Hercules and a Comet

Click on graphic to see it full size.

Click on graphic to see it full size.

   In the morning skies before the local time for sunrise are the two stars that one follows from the arc in the Big Dipper’s handle — Arcturus in Bootes the Herdsman and Spica in Virgo the Harvest Maiden. Also part of this early morning cosmic scene the planets Mars and Saturn are visible. This graphic to the right shows a view of the sky including the two stars and two planets plus Comet Lovejoy. Comet Lovejoy is currently at about 9th magnitude making it too dim for naked-eye viewing but certainly within the reach of binoculars and telescopes, and of course time exposure pictures as you can see in this beautiful picture taken by P-M Hedén that appeared on the APOD River website on 13 December.
hercules
   Locating Comet Lovejoy should be relatively easy as the comet is within a few degrees from the keystone-shaped asterism that forms the chest of Hercules the Hero. Using 7×50 binoculars the entire asterism fits within the field of view of binoculars and if one scans toward the right away from the Keystone Comet Lovejoy may come into view – assuming the sky is dark enough.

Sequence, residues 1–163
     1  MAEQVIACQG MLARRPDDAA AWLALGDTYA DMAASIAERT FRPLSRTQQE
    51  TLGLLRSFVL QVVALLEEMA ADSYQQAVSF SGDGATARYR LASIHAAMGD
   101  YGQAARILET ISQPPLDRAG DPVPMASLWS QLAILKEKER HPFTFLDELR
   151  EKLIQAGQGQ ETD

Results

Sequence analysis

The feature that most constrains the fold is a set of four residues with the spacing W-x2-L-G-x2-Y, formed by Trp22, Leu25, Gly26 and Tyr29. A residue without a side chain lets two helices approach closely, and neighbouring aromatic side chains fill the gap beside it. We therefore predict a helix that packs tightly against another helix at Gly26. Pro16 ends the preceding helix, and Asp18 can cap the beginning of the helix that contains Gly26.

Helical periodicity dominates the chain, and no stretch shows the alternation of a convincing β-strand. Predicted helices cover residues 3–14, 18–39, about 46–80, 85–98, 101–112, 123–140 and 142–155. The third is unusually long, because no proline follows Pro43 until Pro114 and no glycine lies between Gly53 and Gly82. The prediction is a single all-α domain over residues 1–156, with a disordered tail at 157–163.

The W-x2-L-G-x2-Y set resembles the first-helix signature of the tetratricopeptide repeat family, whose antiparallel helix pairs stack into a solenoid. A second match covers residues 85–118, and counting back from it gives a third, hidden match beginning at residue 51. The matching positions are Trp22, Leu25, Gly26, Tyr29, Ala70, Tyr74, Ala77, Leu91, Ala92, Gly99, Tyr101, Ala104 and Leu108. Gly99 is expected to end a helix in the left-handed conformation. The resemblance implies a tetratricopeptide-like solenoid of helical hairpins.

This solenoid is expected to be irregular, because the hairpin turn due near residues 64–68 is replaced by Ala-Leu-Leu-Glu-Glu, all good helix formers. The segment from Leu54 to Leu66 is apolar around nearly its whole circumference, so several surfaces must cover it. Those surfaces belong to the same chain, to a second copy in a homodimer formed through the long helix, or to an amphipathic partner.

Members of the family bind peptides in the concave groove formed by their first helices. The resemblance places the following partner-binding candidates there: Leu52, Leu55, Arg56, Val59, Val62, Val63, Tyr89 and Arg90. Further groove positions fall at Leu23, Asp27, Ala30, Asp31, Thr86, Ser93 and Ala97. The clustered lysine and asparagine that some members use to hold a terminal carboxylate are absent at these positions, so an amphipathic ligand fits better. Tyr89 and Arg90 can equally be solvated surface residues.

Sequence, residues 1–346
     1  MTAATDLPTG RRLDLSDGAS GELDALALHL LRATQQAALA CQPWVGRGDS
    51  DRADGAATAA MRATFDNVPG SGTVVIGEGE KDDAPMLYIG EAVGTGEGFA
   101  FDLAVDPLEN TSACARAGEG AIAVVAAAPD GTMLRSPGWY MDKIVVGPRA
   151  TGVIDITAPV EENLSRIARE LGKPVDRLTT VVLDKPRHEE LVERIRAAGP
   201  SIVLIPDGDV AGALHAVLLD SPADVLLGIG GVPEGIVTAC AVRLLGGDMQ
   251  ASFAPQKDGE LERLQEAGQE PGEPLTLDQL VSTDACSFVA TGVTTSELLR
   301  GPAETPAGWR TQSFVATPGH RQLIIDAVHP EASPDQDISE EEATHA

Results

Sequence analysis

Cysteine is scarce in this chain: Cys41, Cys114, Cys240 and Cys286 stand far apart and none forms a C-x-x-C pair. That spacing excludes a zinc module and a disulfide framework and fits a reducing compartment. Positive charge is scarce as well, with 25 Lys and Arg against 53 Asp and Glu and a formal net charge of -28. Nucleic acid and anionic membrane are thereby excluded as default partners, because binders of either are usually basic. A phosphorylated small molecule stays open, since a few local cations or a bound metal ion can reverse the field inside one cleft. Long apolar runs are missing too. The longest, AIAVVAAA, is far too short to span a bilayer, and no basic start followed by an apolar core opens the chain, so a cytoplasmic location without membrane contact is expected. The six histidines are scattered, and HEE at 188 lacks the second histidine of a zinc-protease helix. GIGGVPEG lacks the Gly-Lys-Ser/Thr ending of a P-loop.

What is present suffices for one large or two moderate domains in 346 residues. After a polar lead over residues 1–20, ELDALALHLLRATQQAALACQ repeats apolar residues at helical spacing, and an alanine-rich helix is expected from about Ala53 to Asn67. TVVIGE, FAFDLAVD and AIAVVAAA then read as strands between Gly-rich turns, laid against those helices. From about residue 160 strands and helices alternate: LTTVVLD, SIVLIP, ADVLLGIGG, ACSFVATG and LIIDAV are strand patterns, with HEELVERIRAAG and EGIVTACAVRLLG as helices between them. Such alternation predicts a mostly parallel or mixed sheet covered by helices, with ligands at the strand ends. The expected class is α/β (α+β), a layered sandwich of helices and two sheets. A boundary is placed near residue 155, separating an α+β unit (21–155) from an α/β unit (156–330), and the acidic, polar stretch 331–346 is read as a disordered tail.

M-13

M-13

   You may notice a fuzzy appearing object on a line between the stars Eta Hercules and Zeta Hercules. This is the globular star cluster known as the Hercules Cluster or M-13 from the Messier Catalog.

   
   
   
Caution: Objects viewed with an optical aid are further than they appear.

   Click here to go to the Qué tal in the Current Skies web site for more observing information for this month.

One thought on “Hercules and a Comet

  1. Pingback: Halley Came to Jackson | Bob's Spaces

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